moment a card is named. Shuffle the other set of eight cards and drop them on the top of the deck. To present the trick, take the deck and cut at about the middle, but keep the tip of your left little finger between the packets. Hold the deck up to a spectator and spread the eight cards below your little finger tip before his eyes asking him to mentally select a card. Cover the bottom card with your left hand and do not expose the faces of any cards but the duplicate eight. Close up the deck, but keep your little finger in position above the eight cards, and turn away as the spectator writes the name of his card on a slip of paper. Quietly, and without moving your elbows, cut the pack at the little finger break, palm off and put the eight cards in your breast pocket. When the spectator is ready tell him to fold the slip, put it in the middle of the pack and place both in the card case. After a few moments of patter about the power of thought transmission, etc., let someone take the cards from the case, read out the name on the slip and then search the pack for the card. Of course it has disappeared (along with all the others from which a choice was made, but no one else knows that). You take the card triumphantly from your pocket and throw it down proving that you read his very thoughts. Take the first opportunity of removing this duplicate card from the deck and replacing the eight from your breast pocket.
Finding a Number Beforehand, you have placed on the top of your pack fourteen cards of mixed suits running thus: joker, ace, then spot cards from two to ten in sequence, jack, queen, king. False shuffle the deck and deal off fourteen cards, thus reversing the order, which will run from the king down to the ace, the joker being the fourteenth card. Invite a spectator to cut the dealt packet and see that the cut is completed. This may be done as often as desired. Finally cut yourself and note the bottom card as you do so. The number of spots on it, or if it is a court card, its numerical value, jack 11, queen 12, king 13, will be your key. Suppose you have cut a four to the bottom. Instruct a spectator to think of any number between one and fourteen, then to take cards, one by one, from the bottom of the packet and place them on the top to the number he has mentally chosen. When he has done this, the fourth card will give you by its spots the number of cards moved, The trick may be repeated any number of times so long as the sequence is maintained. Add the value of the last key card to its position in the packet and you get the key to the next operation. In the case just given, suppose the fourth card is a six, add six to four and you know that the tenth card will denote whatever number of cards the spectator moves next. If none are moved, the joker turns up. When a total of over fourteen is reached, subtract fourteen, the remainder will be the new key. If the total is fourteen, secretly sight the bottom card and you can then read the spectator's mind without first turning a card. If total is fifteen, get a glimpse of the top card and do the same. In presenting the trick, you turn your back while the cards are being moved, and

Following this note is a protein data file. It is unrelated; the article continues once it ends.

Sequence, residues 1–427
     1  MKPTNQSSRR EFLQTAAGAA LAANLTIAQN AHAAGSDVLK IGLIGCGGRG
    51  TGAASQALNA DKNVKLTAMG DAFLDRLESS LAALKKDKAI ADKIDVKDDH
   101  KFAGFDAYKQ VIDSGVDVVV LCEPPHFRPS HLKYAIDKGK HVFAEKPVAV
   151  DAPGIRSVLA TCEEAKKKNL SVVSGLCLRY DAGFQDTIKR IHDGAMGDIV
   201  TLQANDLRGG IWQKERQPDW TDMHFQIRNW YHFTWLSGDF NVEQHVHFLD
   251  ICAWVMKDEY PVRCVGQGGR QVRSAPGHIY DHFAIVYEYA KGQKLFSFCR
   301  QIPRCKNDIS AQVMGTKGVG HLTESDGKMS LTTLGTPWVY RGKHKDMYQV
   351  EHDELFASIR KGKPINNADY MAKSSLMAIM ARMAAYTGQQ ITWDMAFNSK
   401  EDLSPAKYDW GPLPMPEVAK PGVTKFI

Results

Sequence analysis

have the subject put the packet on the table before you turn around. Take no notice of the cards for the moment. Tell the spectator to concentrate on his number, hold his hand, or place your hand on his forehead, or go through any other routine you use in pretending to read his mind. Then confidently announce that you have read the number. To prove the assertion, take the packet, remove the key card without looking at the faces of the cards, and lay it face down on the table. The subject names his number and the card is turned revealing the same number of spots. Be careful to replace the key card in its proper place in the sequence.